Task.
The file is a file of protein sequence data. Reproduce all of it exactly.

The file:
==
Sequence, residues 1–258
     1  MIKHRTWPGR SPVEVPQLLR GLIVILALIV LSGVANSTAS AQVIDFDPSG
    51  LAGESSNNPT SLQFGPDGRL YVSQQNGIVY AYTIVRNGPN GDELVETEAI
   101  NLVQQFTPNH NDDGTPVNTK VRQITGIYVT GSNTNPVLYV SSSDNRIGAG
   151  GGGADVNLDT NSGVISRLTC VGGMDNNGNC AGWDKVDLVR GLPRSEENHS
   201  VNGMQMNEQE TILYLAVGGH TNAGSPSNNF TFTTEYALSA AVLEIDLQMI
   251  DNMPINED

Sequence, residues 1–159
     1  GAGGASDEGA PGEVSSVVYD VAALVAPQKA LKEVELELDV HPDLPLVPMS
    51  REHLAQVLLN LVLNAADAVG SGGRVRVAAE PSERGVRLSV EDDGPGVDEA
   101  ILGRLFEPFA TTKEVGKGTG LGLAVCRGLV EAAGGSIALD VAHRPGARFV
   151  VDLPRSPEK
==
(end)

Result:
Sequence, residues 1–258
     1  MIKHRTWPGR SPVEVPQLLR GLIVILALIV LSGVANSTAS AQVIDFDPSG
    51  LAGESSNNPT SLQFGPDGRL YVSQQNGIVY AYTIVRNGPN GDELVETEAI
   101  NLVQQFTPNH NDDGTPVNTK VRQITGIYVT GSNTNPVLYV SSSDNRIGAG
   151  GGGADVNLDT NSGVISRLTC VGGMDNNGNC AGWDKVDLVR GLPRSEENHS
   201  VNGMQMNEQE TILYLAVGGH TNAGSPSNNF TFTTEYALSA AVLEIDLQMI
   251  DNMPINED

Sequence, residues 1–159
     1  GAGGASDEGA PGEVSSVVYD VAALVAPQKA LKEVELELDV HPDLPLVPMS
    51  REHLAQVLLN LVLNAADAVG SGGRVRVAAE PSERGVRLSV EDDGPGVDEA
   101  ILGRLFEPFA TTKEVGKGTG LGLAVCRGLV EAAGGSIALD VAHRPGARFV
   151  VDLPRSPEK